A torrent of debate followed the harvard business review's publication May 1 of the article "IT Doesn't Matter."
A torrent of debate followed the harvard business reviews publication May 1 of the article "IT Doesnt Matter." Although the article embodies several truths, its assumptions, premises and conclusions merit closer examination if, as in the story of the Blind Men and the Elephant, the whole picture of IT and competitive advantage is to come into focus. The article looks at only parts of the elephant, and therein lies grave danger for business leaders who read it and draw conclusions for the whole of IT. After all, an elephants tail is not an elephant.
By limiting its scope and depth of analysis, the article is indeed dangerous. Key
issues are raised that must be probed more deeply to gain a full understanding of how IT really matters. Here are some counterpoints to these issues; they are elaborated in a just-released book, "IT Doesnt MatterBusiness Processes Do."
Industrial Age technology doesnt equate with information age technology.
The articles discussions about scarcity and proprietary advantage apply to technology as a businessthe IT industrynot the business use of technology for competitive advantage. Infrastructure technologies provide their business users opportunities for competitive advantage when they approach critical mass, not early in their development.
The article is about the beginning of the end of the first 50 years of business and IT, not the end of the beginning of the second 50 years, where business process automation replaces functional automation and data processing. The article is about functional applications, not end-to-end business process management, which is the real frontier for business and IT. Grids, Web services and computing utilities dont equate to generic applications that become commodities for those using them. Web services arent about commoditizing business applications; they are an extension of service-oriented application architectures that began with object orientation in the 1960s. Best practices arent the only practices. Best-practice and best-in-class business processes are not the same, and companies need both to compete effectively.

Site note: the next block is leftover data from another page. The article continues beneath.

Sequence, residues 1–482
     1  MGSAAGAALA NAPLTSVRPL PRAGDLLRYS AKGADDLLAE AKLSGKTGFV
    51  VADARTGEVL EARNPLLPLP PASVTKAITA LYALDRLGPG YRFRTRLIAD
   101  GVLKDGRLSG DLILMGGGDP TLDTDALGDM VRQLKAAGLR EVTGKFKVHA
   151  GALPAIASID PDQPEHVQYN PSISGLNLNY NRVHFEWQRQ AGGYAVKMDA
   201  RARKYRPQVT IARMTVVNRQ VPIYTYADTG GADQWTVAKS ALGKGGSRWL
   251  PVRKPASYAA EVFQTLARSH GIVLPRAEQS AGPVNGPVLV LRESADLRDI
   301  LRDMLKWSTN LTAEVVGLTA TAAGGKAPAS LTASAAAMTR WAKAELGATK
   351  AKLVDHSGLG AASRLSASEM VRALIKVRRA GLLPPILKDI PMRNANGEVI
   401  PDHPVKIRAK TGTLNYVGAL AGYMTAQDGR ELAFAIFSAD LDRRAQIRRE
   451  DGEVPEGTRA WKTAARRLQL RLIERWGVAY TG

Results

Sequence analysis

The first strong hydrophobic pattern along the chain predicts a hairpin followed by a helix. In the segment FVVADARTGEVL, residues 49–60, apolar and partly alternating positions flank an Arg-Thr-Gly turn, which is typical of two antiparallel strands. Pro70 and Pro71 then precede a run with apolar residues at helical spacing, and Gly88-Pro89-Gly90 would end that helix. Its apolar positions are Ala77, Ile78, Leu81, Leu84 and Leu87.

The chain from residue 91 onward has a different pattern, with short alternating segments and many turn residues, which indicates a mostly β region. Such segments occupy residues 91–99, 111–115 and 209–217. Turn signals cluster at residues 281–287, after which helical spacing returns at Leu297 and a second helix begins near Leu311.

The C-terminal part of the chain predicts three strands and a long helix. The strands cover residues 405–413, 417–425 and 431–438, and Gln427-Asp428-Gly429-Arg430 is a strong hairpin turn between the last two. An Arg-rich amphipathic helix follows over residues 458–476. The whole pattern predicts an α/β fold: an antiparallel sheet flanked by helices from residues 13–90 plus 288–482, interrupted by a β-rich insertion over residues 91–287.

A deeper economic and technological analysis reveals there are many signs that the IT build-out is not closer to its end than to its beginning. In short, the article focuses on the pastthe first 50 years of data-centric automationand it misses the business process automation breakthrough that sets the stage for the next 50 years. We are now on the cusp of a new opportunity for achieving strategic advantage with IT that General Electrics 2002 Key Growth Initiatives describes as "the greatest growth opportunity our company has ever seen."
Peter Fingar, executive partner of the Greystone Group, is co-author of "IT Doesnt MatterBusiness Processes Do" (www.bpm3.com/hbr). He can be reached at firstname.lastname@example.org. Send your comments to email@example.com.
Peter Fingar, Executive Partner in the digital strategy firm, the Greystone Group, is one of the industry's noted experts on business process management, and a practitioner with over thirty years of hands-on experience at the intersection of business and technology. Equally comfortable in the boardroom, the computer room or the classroom, Peter taught graduate and undergraduate computing studies in the U.S. and abroad. He has held management, technical and advisory positions with GTE Data Services, American Software and Computer Services, Saudi Aramco, EC Cubed, the Technical Resource Connection division of Perot Systems and IBM Global Services. In addition to numerous articles and professional papers, he is an author of the landmark books: The Real-Time Enterprise: Competing on Time, just-released, and Business Process Management: The Third Wave, now in its fifth printing (www.mkpress.com).